SOME among us, who are able recall to events of 2009, may remember very well that soon after the government decided to dump the badly mangled Zimbabwe dollar, things began to really look up by the end of that year.
Everyone was positive about the future of the country and we were all eager to see things happen, albeit a relatively unchanged status quo. But it wasn’t long before the euphoria started dipping.
Despair soon turned to anger culminating in the November 2017 military coup that saw our longest serving leader yet, former President Robert Mugabe, being overthrown after he was tried and sentenced in the public court of law for being the chief culprit in the country’s unending socio-economic troubles. All of us — for the first time in decades — felt a breath of fresh air.
This time around, the euphoria did not last much, but some mere months. In fact, the excitement seemed to have ended the very day Mugabe was ousted because ever since that time the government and its people have never really found each other.
We are not, by any slightest means, suggesting that Mugabe’s era was any better. We are merely saying there is just something missing in the so-called second republic. Nothing seems to be jellying at all.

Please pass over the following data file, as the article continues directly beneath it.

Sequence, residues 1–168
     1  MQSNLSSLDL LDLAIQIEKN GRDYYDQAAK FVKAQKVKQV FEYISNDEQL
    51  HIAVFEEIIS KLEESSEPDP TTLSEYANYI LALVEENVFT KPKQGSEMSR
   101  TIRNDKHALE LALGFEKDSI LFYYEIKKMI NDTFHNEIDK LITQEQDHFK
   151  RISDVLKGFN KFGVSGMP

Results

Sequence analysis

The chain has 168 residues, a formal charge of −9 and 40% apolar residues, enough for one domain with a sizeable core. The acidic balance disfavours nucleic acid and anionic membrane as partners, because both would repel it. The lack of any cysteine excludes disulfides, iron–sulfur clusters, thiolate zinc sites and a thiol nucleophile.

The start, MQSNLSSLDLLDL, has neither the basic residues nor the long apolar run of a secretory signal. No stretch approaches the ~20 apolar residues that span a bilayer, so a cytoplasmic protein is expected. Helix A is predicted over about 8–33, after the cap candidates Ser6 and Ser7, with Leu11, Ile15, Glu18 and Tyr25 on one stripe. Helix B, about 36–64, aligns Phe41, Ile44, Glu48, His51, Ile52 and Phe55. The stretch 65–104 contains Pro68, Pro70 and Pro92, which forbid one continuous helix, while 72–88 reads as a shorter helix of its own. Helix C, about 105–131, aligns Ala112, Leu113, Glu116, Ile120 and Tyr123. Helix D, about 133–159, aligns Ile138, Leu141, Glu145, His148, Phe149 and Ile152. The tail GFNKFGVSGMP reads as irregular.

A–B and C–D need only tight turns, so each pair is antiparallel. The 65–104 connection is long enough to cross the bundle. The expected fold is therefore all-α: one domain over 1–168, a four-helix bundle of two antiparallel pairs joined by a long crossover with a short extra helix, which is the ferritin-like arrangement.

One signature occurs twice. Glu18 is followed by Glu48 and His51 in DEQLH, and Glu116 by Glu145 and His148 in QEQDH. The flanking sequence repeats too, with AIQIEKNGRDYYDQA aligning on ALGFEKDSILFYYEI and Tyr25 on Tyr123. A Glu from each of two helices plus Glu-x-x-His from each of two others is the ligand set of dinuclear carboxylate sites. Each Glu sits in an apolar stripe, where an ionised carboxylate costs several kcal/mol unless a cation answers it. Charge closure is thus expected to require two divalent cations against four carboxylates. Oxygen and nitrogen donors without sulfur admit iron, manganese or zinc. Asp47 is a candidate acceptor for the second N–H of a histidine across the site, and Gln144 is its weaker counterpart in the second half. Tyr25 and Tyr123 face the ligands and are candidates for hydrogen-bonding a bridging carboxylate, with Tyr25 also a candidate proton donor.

To graphically put the issue into perspective, the United Nations — in its 2019 World Happiness Report, placed Zimbabwe at position 146 out of the 156 indexed countries. The country effectively dropped two places from position 144 last year.
If our unhappiness is now that evident to the outside world, we believe it is high time the long-suffering Zimbabweans found each other to make life bearable for themselves.
It’s no secret that the source of our current differences emanate from the 2018 disputed presidential election results which culminated in the political standoff between President Emmerson Mnangagwa and the opposition MDC leader Nelson Chamisa.
Zimbabweans, however, continue to urge the two protagonists to find each other for the sake of our happiness. Period!
We implore that none of the two should detect the terms of engagement for the sake of our happiness and nation-building.
Chamisa says the nation is deeply divided and needs healing, but his arch-rival, Mnangagwa does not seem to agree with him. He appears determined not to entertain Chamisa.
This, we are afraid, is one contributing factor towards the country’s unhappiness label. We can only find each other as a nation if our leaders are able to first find each other.